CLEARWATER — Before the court motions, before the eviction threats, before the limo rides to TV studios, Kimberly Broffman was 6 months old, just a baby, moving into a new home.
It was February 2004, and her mother had been beaten during a home invasion. To help with healing, mother and daughter moved in with Judie and Jimmy Stottler, the mom's parents.
The Stottlers grew close to the little girl, an only child. But as mom Melanie Broffman recuperated, they said, her history of drug use returned. The Stottlers called the authorities and demanded she leave. They took custody of Kimberly.
With her mother gone, her father a mystery and no other relatives to speak of, Kimberly's living arrangement seemed simple. Except for this: She was breaking the law. And now her case has drawn national attention.
The Stottlers' home, under the management of the Lakes Homeowners Association, was designated 55-and-over. Children could live there for no more than 60 days a year.
The association, which said its bylaws worked to preserve the age-restricted community, wanted Kimberly gone. But the Stottlers' attempts to sell their house stalled. Kimberly had no place else to go.
In January 2007, Judie Stottler, 62, begged. "I support three people on an income of approximately $18,000.00 a year and we cannot afford to move anywhere without the (sale) of this home. We do not have any family to take us in therefore; we would be forced to be homeless," she wrote in a letter to the association. "Please understand that we are doing everything possible and we appreciate your understanding."
A month later, the association responded with a summons to court.
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Spread across two years of court documents, the association's attorney, Monique Parker, has outlined the case against the Stottlers. The Lakes' restrictions are clear, she wrote, and legally acceptable under the Fair Housing Act. When the Stottlers moved in years before Kimberly's birth, after Judie inherited the home from her mother, the family signed in acknowledgement.
Just as clear, documents show, are the association's attempts to settle. In April 2005, the Stottlers promised that Kimberly would be gone in 18 months — enough time, they thought, to sell the house or await Broffman's return.
Kimberly's mother had been ordered into the PAR Village , a rehabilitation center. "She was only there a month and she fled," Judie Stottler said in a deposition.
Selling their home in a recession proved impossible, too, even as their starting price of $229,000 dipped by $20,000. Kimberly's move-out deadline passed.
The association filed its lawsuit against the Stottlers and other families in violation, asking for an injunction to enforce their neighborhood bylaws. Robert Eckard, a Palm Harbor lawyer angered by what he said was the association's bulldozing of a healthy family, represented the Stottlers for free.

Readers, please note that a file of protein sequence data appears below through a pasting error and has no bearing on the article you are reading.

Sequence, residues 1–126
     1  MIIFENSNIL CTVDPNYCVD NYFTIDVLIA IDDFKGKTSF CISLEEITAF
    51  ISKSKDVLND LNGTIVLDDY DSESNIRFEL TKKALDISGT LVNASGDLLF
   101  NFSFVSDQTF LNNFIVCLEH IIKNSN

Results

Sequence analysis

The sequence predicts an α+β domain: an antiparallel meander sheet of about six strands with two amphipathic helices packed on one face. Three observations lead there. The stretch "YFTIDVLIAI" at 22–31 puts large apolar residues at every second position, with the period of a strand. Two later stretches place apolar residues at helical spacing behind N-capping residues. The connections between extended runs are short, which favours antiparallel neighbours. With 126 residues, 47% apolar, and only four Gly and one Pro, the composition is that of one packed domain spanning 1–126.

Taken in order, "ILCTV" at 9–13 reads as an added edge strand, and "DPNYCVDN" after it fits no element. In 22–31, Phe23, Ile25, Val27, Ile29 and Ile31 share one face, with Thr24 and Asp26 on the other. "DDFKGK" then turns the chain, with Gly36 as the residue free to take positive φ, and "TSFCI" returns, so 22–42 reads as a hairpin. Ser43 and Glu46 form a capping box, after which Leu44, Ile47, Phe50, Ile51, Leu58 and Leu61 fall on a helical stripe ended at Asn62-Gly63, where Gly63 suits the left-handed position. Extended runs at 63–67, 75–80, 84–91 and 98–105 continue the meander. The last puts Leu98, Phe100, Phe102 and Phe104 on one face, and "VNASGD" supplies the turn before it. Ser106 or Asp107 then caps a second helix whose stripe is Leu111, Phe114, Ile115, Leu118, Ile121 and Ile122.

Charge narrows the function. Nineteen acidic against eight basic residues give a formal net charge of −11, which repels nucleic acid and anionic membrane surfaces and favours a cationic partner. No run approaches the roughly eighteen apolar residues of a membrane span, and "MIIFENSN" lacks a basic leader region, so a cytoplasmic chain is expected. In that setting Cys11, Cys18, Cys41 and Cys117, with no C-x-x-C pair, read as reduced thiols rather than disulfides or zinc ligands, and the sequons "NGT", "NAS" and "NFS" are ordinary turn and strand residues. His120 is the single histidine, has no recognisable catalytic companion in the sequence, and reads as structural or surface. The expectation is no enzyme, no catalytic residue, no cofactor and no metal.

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A first-grader at Pinellas Central Elementary, Kimberly doesn't know much about the dispute. Nor does she ask. Her questions tend toward her missing mother, who the Stottlers say is sick and getting better. Broffman faces prosecution next month on a charge she battered her father.
With a Wednesday morning appearance on the Today show, a night drive to Tampa for an appearance on CNN Headline News and constant phone calls from reporters nationwide, the conflict is getting harder to hide. A viewer, for instance, saw the Today report and raised the possibility of offering rent-free accommodations.
Neighbors are divided over what to do.
"We all have rules we have to live by in society. When I moved in here, I knew the rules and I accepted them," neighbor Mike Hoffman said Wednesday. "It's tough, but I think they should find a new place to live. ... The doggone association has got a job to do, too. They can't turn their back on it."
Others aren't so dismissive of the Stottlers' dilemma.
"I know they're in a strange situation. If I was in a situation like that, I don't know what I would do. Dig in my heels, too, I guess," said Sonny Ebert, who lives down the block. "I know we have rules and regulations, but let's have some compassion."
As the lawsuit stretches through its second year, with no clear end in sight, it appears neither side plans to back down.
A motion filed on behalf of the association recently sought to order Kimberly out of the house, but was denied. The judge is awaiting the family law file from the year Kimberly moved in to determine if the custody order specified an address, a finding that could possibly lead to a waiver for the association. Case management conferences between attorneys are ongoing.
The Stottlers say their options are still slim. Their home, now listed at $129,000, has had one prospect in the last nine months, and foster care is still out of the question.
State officials say the process of taking a child from an established home would be hazardous for everyone involved.
"If you're that child's parents, giving the child away is an unfathomable position," said Department of Children and Families spokeswoman Erin Gillespie. "Foster care is a last resort, all the time. It's just not the best place to be for kids."
In her own 6-year-old way, Kimberly agrees. From the top of her pink bunk bed, in a room strewn with stuffed bears and plastic toys, she speaks her mind after a shy stretch of silence.
"This," she said, "is my home."
Drew Harwell can be reached at firstname.lastname@example.org or (727) 445-4170.